“It is somewhat similar to asking the question: At what point is an alcoholic no long[er] considered an alcoholic?”

“I would think of this as I would of alcoholism, as a long-term chronic condition. While I do not think it is curable, I do believe it is manageable. However, I would not [have the] one with the condition working with money or recording and prepar[ing] financial statements.”

Is Fraud in the Genes?

Another inquiry that arose was about the genetic predisposition to anti-social personality disorders—the kind that can lead to fraud. The experts, however, pooh-poohed this:

“To say ‘being predisposed to fraud is genetic’ is like saying [you] were born a vampire and therefore, if you murder someone and drink their blood, you cannot help yourself. Entertaining … gory … temporarily rewarding … but still unethical.”

“[The book The Fatal Shore] describes with some amusement how there was a belief in eighteenth century Georgian England that criminals were innately disposed (I don’t think the word ‘gene’ existed then) to commit crime, and that if they were transported to Australia, England could rid itself of crime forever. Clearly this idea was false … It turns out that the crime rate in modern Australia is apparently a lot lower than in the UK, which wouldn’t be the case if the ancestors of modern Australians were genetically disposed to crime …”

“I believe that it is a person[’]s circumstances that lead them to commit fraud be it for greed or need.”


Neal Levin’s Position on Fraudsters

When asked what his own research and experience indicated, here is what Neal had to say.

“Studies of the psychology of fraudsters revealed that most can be diagnosed with anti-social personality disorder. There is growing evidence that markers for this disorder can be found on the brain scans of people as young as 15 years old. However, many behavioral scientists still subscribe to the theory that environmental influences may play a significant role in the development of a fraudster, or as the catalyst for resorting to fraud.” “If you accept that genetics plays a foundational role in developing the fraudster, then it must follow that this person is always a fraudster—even when not committing fraud. To be more politically correct, anti-social personality disorder seldom just disappears. This would be especially true where the only intervening factor is getting caught. I believe it’s safe to conclude that while fraudsters are not always committing criminal acts, the propensity surely remains.”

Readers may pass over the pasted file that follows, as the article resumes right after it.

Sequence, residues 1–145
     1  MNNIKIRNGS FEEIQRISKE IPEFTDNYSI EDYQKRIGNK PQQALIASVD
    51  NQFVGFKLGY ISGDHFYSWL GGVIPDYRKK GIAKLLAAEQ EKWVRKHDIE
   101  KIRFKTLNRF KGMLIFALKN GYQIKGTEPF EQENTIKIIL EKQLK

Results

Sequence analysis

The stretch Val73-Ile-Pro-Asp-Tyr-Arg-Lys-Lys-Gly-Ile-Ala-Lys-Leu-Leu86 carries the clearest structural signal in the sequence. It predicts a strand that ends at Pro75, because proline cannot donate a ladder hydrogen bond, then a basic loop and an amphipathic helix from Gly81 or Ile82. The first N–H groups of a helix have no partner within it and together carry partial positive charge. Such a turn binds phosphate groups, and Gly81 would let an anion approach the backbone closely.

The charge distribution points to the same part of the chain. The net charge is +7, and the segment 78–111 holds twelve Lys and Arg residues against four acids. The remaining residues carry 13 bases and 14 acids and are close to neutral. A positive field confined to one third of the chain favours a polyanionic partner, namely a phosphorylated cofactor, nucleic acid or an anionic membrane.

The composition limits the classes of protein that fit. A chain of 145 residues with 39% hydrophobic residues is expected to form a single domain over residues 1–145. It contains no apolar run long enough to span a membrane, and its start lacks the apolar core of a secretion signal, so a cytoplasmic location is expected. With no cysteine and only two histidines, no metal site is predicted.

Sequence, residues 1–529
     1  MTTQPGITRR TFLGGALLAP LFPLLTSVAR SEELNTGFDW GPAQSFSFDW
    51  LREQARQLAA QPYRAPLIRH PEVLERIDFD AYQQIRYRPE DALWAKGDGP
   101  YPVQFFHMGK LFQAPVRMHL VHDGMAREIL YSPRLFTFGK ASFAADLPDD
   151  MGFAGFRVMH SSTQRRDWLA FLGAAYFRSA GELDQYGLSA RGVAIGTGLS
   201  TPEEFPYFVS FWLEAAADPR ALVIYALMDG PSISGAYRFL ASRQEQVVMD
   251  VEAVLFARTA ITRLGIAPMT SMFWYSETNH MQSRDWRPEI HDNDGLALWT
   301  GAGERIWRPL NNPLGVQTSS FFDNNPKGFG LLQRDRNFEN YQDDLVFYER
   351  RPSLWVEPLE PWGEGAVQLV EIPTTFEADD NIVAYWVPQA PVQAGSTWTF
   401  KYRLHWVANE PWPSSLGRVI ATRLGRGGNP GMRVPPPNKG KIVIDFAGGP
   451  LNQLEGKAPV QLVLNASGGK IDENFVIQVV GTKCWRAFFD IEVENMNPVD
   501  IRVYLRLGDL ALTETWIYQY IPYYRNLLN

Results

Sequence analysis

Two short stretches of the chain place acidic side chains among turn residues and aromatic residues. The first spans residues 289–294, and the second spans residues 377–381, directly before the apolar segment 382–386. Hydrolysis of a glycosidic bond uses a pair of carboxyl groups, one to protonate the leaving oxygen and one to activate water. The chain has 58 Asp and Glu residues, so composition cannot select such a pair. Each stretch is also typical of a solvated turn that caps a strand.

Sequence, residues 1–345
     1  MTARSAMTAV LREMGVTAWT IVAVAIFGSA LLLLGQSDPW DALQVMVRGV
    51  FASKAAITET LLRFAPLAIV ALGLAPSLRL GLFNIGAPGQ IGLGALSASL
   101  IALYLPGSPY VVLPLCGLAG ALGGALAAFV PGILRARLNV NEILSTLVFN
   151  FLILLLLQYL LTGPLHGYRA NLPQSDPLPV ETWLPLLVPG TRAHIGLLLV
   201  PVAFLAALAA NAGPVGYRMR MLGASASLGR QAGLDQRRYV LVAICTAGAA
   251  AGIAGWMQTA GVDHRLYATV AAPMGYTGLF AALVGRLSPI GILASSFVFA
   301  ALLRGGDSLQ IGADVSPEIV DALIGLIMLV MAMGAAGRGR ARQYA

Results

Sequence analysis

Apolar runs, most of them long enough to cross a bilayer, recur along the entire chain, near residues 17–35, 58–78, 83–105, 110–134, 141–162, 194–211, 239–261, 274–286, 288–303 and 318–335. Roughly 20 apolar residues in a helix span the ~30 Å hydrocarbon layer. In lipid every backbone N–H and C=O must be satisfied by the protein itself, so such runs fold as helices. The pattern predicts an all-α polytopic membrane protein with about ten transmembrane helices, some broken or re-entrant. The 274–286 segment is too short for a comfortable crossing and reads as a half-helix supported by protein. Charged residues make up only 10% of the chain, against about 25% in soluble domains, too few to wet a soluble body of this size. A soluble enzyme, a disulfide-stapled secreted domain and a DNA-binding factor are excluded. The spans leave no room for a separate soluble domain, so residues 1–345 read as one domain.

We look forward to sharing highlights from Neal’s ACFE presentation in a future Client Alert. In the meantime, if you have questions or concerns about fraud-related issues, please contact him.

Neal H. Levin

Team Leader of the Firm’s Fraud and Internal Investigations Practice Group and a member of both the Litigation and Bankruptcy and Financial Restructuring Practice Groups

Chicago Office (312) 360-6530 nhlevin@freeborn.com

Often compared to Mr. Wolf from Pulp Fiction, Neal is frequently summoned when the case “stinks.” Known fondly as “The Fraud Guy,” he contends with a litany of fraudsters and fraudulent transactions, including those stemming from bankruptcy fraud, occupational fraud, corporate governance fraud, government corruption, insurance fraud, bank fraud, mortgage fraud, asset concealment, so-called asset protection plans, offshore financial centers and, of course, Ponzi schemes. His practice is international in scope and he has appeared in dozens of different tribunals over the course of his nearly 23 years in the business. Neal and his team also spend considerable time on the study of fraudsters as a way to leverage their success. He frequently lectures, writes and is interviewed on the psychopathy and sociopathy of a fraudster as well as on Ponzi schemes, bankruptcy fraud, investigations and recovery practices. ABOUT THE AUTHOR